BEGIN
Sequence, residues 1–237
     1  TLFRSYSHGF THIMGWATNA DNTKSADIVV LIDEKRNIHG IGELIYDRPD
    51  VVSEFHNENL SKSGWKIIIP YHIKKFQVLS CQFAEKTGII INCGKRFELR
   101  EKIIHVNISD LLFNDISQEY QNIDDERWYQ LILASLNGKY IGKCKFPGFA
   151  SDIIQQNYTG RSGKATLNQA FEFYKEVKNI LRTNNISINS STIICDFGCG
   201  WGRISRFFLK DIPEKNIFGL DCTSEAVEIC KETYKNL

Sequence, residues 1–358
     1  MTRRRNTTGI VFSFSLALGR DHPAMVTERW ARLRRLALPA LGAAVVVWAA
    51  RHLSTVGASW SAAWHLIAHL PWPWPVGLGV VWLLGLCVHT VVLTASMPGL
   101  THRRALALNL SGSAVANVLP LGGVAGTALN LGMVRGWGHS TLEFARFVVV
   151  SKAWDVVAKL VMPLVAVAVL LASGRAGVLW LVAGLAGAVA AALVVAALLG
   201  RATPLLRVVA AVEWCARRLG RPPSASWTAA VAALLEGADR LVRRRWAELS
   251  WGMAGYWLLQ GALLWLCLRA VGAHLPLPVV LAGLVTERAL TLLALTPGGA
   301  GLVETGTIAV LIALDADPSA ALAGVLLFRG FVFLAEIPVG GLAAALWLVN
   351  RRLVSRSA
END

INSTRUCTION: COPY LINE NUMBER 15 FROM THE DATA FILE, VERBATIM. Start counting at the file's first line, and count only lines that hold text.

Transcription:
   351  RRLVSRSA